‘Mindfully at Home in the Cosmos’ was the title of the spring retreat in the Manresa, the Jesuit Centre for Spirituality in Clontarf, Dublin. It was given by Dee Hennessy and Des O’Grady SJ and in this interview with Pat Coyle of Irish Jesuit Communications they talk about what happened during the retreat and their work in general. They also give details and dates of their future retreats which you can find out about here.
Des O’Grady is chaplain in Dundrum Mental Hospital. Earlier in his Jesuit life he lectured in philosophy in the Milltown Institute. His interest in cosmology and the work of Teilhard de Jardin SJ has grown out of a dissatisfaction with a development of Christian practice that he feels has turned the Church into a type of ‘club’ with members who are ‘in’ and others who are ‘out’. He believes this type of exclusivity has nothing to do with the cosmic Christ nor does it reflect the infinite goodness and the indiscriminate love of the Creator of the cosmos.
Similarly Dee Hennessy, a mindfulness practitioner, came to mindfulness feeling dissatisfied and poorly nourished by the Christian theology she studied. Ironically, she now says that her practice of ‘living in the moment’ and ‘surrendering in trust to the present with awareness’ has brought her back to a deeper appreciation of her Catholic faith.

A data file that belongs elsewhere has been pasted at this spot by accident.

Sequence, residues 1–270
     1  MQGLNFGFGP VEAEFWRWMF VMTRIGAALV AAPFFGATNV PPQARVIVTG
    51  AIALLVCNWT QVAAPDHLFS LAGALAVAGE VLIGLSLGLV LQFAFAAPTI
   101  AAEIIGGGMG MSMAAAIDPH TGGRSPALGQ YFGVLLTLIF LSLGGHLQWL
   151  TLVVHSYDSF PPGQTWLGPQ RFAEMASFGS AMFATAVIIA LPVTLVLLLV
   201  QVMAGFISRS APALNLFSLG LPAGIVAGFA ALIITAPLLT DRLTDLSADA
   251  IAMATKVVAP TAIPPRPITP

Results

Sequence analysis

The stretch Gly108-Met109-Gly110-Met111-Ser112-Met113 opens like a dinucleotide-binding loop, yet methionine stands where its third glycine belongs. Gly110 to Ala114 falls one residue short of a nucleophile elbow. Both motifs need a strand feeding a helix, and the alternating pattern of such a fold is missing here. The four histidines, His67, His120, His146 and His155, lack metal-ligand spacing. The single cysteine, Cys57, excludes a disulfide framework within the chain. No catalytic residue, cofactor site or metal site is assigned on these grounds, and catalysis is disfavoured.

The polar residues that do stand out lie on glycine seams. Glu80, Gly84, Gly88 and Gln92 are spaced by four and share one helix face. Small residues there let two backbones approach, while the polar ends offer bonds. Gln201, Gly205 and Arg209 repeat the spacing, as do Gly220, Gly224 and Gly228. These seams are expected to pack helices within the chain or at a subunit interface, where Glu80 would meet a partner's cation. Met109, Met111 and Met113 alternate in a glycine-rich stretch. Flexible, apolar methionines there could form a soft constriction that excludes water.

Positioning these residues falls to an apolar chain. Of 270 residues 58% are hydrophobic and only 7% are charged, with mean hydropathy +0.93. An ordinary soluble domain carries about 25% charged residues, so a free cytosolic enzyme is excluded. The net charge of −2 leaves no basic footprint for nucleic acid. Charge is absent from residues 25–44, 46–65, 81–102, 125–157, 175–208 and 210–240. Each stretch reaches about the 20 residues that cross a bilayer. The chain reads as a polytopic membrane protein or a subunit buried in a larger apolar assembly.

Dee and Des have been giving retreats around the country. They are clear that they do not teach mindfulness or cosmology but rather they engage participants in the actual practice of living mindfully and experiencing themselves as an integral part of creation, connected to the cosmos. They do this through prayer and meditation, breathing and movement exercises, stillness, silence, walks, group sharing and one on one spiritual accompaniment.
In this interview they address the danger of ‘mindfulness’ becoming just another technique or fad that is potentially as unrealistic as it is helpful. They also take on board the challenge of what ‘coming home’ really means when it’s a coming home to a created world that is, as Shakespeare describes it, ‘nature red in tooth and claw’.